Williams said warming at 10,000 feet and lower may be causing enhanced surface water evaporation and transport that moves westward and higher in the mountains, with the water vapor being converted to snow that falls atop the Continental Divide. Snow cover increases reflectivity of incoming sunlight, further cooling the alpine area and overriding the overall warming signal in the West, which is believed to be a 2 or 3 degree Fahrenheit rise over the past decade due to rising greenhouse gases.
"These two Niwot Ridge stations are less than five miles away from each other -- you can see one from the other -- but there are totally different trends occurring," he said. In many places in the mountainous West, only a small increase in temperature can cause the climate to cross a "threshold" that triggers earlier and more intense snow melting, said Williams, principal investigator on a 2011 grant of $5.9 million from NSF to CU to continue long-term ecological studies at Niwot Ridge.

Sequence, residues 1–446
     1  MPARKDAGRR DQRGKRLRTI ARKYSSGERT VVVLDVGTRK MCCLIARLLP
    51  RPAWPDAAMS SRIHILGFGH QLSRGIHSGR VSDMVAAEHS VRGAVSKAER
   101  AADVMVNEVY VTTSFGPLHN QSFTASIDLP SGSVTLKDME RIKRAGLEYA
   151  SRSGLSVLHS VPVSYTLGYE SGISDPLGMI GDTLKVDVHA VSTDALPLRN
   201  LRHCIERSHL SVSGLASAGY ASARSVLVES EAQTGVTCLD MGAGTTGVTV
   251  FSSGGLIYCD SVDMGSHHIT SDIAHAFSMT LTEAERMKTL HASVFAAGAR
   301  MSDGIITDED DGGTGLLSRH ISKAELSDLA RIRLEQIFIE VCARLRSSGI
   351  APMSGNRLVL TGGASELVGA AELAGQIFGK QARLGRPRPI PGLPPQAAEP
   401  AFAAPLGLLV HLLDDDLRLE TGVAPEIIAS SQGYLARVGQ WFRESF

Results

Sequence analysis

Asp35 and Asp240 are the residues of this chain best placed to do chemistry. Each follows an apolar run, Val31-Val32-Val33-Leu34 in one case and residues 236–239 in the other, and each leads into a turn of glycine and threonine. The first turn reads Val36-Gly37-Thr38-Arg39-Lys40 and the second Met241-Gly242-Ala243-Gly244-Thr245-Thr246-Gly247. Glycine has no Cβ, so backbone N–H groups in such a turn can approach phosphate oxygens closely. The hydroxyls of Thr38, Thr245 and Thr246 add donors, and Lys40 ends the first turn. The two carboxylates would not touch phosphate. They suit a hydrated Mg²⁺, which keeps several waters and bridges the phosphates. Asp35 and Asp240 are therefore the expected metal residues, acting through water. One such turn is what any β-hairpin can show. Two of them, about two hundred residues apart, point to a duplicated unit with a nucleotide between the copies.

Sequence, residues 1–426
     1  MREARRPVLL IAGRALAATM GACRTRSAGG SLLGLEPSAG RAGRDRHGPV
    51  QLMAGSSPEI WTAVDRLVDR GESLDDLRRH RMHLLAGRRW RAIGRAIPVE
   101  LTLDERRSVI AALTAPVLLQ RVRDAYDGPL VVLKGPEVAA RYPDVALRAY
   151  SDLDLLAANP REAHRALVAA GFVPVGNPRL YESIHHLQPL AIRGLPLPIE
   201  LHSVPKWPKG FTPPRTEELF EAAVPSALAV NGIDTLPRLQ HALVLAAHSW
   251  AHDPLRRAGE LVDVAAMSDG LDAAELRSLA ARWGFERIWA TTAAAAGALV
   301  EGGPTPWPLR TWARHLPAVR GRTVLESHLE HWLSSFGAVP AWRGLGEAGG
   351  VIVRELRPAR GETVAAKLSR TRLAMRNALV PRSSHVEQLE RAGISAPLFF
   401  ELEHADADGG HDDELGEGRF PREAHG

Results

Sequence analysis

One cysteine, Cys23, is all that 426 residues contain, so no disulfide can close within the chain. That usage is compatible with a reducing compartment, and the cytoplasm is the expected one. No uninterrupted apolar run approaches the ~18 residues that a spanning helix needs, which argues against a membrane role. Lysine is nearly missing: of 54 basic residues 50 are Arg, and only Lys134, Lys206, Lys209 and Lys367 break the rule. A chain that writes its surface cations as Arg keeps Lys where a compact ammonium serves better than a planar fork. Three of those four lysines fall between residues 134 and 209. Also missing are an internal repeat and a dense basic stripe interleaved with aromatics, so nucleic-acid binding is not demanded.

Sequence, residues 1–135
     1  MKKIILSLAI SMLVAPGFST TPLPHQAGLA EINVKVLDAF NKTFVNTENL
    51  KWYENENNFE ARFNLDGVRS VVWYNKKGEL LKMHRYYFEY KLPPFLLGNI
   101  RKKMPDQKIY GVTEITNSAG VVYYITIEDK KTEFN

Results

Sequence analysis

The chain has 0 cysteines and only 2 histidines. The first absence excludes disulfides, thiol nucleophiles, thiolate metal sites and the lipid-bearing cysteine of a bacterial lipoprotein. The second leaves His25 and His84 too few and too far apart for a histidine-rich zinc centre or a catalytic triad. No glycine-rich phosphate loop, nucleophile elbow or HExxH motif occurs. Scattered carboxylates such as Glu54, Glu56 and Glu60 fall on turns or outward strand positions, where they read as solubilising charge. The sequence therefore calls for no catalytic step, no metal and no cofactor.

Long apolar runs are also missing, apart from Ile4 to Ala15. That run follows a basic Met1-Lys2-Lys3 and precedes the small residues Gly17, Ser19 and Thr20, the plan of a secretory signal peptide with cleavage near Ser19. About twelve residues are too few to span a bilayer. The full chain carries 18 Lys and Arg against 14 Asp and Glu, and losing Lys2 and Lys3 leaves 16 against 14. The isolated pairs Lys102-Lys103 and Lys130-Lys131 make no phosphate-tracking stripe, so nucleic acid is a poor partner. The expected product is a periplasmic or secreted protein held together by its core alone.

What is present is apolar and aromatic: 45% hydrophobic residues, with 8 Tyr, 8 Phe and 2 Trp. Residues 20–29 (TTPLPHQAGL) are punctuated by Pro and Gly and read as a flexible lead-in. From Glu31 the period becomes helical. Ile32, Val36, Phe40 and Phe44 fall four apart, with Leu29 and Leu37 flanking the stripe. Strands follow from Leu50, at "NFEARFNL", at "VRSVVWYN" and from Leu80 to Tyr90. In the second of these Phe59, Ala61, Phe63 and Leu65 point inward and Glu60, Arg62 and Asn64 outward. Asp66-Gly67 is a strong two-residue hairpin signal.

With snowpack roughly half of normal in 2012 and snow melting in the high country that began more than three months earlier than last year, the outlook is not good for montane and subalpine forests in Colorado and other parts of the West, he said.
Low snowpack and early melt invariably have a huge impact on the Colorado economy, said Williams. Despite near record snowfall in 2010-11, warming temperatures have caused less snow and shorter winters in recent years and affected the ski industr
|Contact: Mark Williams|
University of Colorado at Boulder